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January 11, 2017   |   By: Max Dilendorf, Esq. and Rika Khurdayan, Esq.

Is it Legal Listing a Townhouse for Rent in NYC on Airbnb?

Owners of New York City townhouses who wish to list their property on Airbnb for short-term rentals must understand and comply with the following laws:

  • The New York State Multiple Dwelling Law (MDL);
  • The New York City Administrative Code’s occupancy and use requirements;
  • The …
December 22, 2016   |   By: Max Dilendorf, Esq. and Rika Khurdayan, Esq.

1031 Like-Kind Exchanges for Foreign Investors in U.S. Real Estate

There are many reasons why foreign investors look at the United States (and especially large cities like New York) for real estate investment opportunities. A well-developed economy, with liquid and efficient markets, along with a relatively stable real estate market make the United States an excellent place …

December 14, 2016   |   By: Max Dilendorf, Esq. and Rika Khurdayan, Esq.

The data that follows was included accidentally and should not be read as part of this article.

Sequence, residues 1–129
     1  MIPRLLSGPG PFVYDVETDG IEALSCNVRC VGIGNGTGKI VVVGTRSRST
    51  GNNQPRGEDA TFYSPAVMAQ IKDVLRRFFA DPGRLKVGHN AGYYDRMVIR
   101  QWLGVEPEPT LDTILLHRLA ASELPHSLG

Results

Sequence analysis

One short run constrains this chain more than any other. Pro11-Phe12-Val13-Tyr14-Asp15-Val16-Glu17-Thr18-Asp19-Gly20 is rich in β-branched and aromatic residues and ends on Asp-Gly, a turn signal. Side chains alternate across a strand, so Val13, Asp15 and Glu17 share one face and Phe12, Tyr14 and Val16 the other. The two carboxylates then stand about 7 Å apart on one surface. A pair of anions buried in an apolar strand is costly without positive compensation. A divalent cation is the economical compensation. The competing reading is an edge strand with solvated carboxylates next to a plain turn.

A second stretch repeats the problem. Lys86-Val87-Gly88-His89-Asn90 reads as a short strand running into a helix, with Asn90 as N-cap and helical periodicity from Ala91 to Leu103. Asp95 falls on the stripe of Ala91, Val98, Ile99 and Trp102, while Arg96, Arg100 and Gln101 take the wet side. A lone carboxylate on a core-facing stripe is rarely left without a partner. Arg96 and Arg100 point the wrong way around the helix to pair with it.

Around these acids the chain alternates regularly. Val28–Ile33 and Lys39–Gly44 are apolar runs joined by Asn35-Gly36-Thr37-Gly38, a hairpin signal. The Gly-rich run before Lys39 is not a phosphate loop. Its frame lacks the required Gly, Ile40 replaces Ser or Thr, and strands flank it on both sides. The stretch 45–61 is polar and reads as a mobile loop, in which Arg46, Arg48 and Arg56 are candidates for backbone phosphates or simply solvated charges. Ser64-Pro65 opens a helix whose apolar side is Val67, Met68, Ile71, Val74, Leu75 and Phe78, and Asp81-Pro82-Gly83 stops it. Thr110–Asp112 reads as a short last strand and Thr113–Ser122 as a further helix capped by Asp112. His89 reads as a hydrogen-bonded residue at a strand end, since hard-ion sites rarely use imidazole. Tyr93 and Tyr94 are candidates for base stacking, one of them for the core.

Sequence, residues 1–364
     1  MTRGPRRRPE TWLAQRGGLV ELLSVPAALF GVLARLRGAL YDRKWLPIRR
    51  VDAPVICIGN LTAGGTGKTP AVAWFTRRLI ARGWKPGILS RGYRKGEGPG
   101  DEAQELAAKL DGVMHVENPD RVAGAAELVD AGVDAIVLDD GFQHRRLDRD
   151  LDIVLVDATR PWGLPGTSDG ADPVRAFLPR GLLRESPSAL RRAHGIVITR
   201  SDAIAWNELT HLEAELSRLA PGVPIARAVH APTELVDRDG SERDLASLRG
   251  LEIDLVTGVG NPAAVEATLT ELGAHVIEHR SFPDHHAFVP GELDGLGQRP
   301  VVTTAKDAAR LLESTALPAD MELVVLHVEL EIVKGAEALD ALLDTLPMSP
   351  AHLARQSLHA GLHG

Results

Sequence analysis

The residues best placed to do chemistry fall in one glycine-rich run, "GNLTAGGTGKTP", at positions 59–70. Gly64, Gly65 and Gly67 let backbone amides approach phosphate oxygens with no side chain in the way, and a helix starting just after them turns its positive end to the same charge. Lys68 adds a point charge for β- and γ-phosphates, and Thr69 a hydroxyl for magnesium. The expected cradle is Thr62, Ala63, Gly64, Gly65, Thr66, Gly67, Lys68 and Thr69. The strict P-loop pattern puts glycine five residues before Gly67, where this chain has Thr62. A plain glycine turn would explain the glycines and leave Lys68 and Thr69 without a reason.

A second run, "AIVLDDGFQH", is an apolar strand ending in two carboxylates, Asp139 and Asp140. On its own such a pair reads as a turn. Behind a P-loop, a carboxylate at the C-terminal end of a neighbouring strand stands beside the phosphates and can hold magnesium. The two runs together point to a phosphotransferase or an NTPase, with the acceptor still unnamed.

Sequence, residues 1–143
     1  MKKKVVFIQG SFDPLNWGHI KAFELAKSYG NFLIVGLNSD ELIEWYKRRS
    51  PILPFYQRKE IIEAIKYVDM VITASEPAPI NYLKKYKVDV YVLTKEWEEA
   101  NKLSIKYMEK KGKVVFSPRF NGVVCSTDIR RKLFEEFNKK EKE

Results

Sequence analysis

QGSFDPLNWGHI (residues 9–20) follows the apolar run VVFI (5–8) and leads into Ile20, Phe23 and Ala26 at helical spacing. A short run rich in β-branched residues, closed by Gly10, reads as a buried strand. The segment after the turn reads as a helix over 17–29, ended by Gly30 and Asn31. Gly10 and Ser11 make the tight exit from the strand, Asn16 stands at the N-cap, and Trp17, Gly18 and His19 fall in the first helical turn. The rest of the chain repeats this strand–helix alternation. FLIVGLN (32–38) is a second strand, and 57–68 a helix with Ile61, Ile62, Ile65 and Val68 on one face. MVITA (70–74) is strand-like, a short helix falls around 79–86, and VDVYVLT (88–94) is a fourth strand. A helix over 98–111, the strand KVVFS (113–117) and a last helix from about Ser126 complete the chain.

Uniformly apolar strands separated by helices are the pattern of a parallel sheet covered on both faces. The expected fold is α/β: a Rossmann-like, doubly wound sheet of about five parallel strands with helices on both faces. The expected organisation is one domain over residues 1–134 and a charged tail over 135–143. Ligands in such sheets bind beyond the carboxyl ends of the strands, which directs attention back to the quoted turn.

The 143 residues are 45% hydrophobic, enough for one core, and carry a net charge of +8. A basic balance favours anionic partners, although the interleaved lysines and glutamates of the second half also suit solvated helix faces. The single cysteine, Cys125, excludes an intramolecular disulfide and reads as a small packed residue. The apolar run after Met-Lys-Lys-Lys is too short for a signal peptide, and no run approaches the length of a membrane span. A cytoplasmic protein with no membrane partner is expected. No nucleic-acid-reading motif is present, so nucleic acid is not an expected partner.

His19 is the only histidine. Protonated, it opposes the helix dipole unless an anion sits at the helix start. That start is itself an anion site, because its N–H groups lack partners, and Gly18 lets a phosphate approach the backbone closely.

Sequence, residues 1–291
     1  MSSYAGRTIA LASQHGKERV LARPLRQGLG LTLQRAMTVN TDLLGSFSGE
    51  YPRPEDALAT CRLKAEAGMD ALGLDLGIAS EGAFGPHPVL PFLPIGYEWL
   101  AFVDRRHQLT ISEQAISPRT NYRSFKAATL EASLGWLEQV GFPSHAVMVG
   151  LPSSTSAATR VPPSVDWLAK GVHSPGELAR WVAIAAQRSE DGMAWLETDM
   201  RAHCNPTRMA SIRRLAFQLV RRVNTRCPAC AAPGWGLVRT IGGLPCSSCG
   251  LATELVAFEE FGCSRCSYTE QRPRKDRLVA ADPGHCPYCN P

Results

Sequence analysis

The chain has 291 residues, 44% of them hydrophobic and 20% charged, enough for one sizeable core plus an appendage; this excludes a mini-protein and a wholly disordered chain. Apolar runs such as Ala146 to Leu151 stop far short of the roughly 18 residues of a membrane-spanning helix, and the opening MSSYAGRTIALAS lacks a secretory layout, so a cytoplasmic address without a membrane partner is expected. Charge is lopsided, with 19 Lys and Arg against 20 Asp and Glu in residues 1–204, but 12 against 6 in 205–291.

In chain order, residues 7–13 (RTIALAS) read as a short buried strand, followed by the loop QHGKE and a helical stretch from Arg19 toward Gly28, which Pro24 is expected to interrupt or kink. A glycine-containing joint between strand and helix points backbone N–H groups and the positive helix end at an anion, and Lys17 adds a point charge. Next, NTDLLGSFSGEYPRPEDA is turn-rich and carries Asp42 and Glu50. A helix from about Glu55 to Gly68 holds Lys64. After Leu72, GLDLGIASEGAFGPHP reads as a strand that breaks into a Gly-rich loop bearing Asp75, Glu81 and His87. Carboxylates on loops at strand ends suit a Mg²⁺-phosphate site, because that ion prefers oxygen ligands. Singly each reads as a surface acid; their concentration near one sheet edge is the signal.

Maneuvering thru Perils of Buying a Pre-Construction Condo in NYC

If you are interested in buying a home in New York City, a very tempting opportunity that can arise is to purchase a condominium (“condo”) during a pre-construction stage. However, this is rarely a smooth or a sure path. The following are among the many perils that you should consider before purchasing …

December 7, 2016   |   By: Max Dilendorf, Esq. and Rika Khurdayan, Esq.

Top Construction Defects in New Construction Condo Buildings

Purchasing real estate can be one of the most expensive and nerve-wracking experiences anyone can have. The old saying ‘buyer beware’ never rings more true than when buying property, especially in New York City. At the end of the day, developers are concerned about their bottom line, and those in the market …

November 30, 2016   |   By: Max Dilendorf, Esq. and Rika Khurdayan, Esq.

How Foreign Investors Can Reduce or Eliminate FIRPTA Withholding Upon Sale of U.S. Real Estate

For foreign investors, FIRPTA can make a relatively simple transaction a much more complicated affair and tie up funds that could otherwise be quickly reinvested. What many New York real estate professionals and investors don’t know is that FIRPTA can, in many cases, be minimized or avoided altogether.